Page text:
I have also noticed that when an artist uses kolowisi on pottery decorations – the Zuni are masters of ceramic – he almost exclusively is used on the decorations for seed pots. (A seed pot has a tiny opening to allow one or two seeds at a time to fall through) The elaborate and symbologically complex spring ritual involves the pouring of seeds and water through the mouth of the life size serpent head. The head is surmounted by a tablet decorated with clouds and lightning – symbolic of the serpent’s connection to thunderstorms, rain and fertility.
A Zuni Kolowisi tablet, used in the spring rites. Some of the tablets are more complex, with several serpents coming out of a sky scene surrounded by mesas, clouds and lightning.
I visited the Zuni people a few years ago. They are a large but isolated tribe in the deserts of Northwest New Mexico, near Gallup, the American Indian capital of the world. They are one of the nicest and friendliest people in North America. There are also a number of Iranians who own shops in Gallup, and one in Zuni who I bought quite a few snake fetishes from. The landscape is very similar to Mesopotamia and Elam (Iran and Iraq) the home of the transtigridian snake gods like Ninazu and his son Ningishzidda. As soon as I crossed the border into Zuni land, large spirit clouds resembling Katsina spirits gathered over the Zuni village I was approaching. I could sense the presence of Kolowisi in my mind. He identified himself with the same energy signature as Ninazu, Ningishzidda’s father.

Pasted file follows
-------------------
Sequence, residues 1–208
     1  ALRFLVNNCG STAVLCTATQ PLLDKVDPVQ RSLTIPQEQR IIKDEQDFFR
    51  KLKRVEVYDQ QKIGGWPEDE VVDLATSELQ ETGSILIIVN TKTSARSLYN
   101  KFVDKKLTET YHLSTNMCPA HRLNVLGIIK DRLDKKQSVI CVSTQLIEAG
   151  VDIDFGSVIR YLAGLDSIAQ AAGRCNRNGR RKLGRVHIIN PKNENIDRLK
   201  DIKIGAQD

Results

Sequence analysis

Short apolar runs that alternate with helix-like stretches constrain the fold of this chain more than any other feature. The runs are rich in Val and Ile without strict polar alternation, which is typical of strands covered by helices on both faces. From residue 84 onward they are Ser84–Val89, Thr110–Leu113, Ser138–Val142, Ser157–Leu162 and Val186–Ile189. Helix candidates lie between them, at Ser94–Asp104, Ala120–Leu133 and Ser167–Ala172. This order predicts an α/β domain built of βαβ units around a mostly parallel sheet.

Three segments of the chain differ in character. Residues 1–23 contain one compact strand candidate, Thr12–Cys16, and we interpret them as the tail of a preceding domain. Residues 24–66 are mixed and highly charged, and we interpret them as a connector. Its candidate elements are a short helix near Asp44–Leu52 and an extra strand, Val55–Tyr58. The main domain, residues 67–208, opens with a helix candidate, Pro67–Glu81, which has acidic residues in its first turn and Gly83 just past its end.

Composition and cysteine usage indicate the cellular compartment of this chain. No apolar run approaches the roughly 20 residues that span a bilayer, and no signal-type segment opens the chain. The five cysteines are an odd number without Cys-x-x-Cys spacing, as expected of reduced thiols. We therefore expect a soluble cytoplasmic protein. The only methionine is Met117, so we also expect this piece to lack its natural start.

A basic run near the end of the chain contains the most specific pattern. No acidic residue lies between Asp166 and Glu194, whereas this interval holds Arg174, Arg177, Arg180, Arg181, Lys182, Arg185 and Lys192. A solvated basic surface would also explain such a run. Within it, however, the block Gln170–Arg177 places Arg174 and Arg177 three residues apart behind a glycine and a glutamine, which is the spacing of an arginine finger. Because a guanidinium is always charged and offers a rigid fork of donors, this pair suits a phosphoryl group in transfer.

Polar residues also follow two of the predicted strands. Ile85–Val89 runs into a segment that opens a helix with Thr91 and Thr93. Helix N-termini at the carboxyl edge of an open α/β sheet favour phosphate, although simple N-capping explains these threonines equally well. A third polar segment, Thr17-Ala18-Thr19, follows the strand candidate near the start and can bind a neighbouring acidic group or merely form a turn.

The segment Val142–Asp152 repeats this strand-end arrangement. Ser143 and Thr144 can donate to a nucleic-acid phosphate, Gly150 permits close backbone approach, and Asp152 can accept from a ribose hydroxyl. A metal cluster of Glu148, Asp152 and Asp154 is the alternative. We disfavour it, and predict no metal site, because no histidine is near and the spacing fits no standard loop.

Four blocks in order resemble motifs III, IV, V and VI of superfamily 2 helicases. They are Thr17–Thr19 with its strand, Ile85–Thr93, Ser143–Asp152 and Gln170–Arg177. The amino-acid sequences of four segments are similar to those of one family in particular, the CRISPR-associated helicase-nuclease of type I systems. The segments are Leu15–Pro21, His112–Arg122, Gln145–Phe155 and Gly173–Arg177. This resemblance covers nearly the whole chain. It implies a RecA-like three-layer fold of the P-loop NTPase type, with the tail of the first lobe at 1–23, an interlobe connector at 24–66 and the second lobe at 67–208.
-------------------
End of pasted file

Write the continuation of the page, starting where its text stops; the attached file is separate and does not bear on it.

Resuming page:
Northwest New Mexico, near Gallup
When I arrived, I went to the gas station. A koshari approached me. A koshari is a holy person who is a comedian and a sage. While the rest of my family was in the store, I told him about how Ningishzidda from Sumer came to visit me and asked me to come visit the Zuni and tell them what happened. He revealed he was a priest in the bear clan. Kolowisi, he told me, lives in the lake in the Zuni village, sometimes he comes out and takes wives to his underground village. Also, he is a culture hero, the Zuni have myths saying how he saved them from starvation and the flood. There are a few stories about this shapeshifter and the interaction he has with the people. Someday I’ll tell you about my epic adventures with Ningishzidda, and how I got to be at The Abrahadabra Institute, but not now.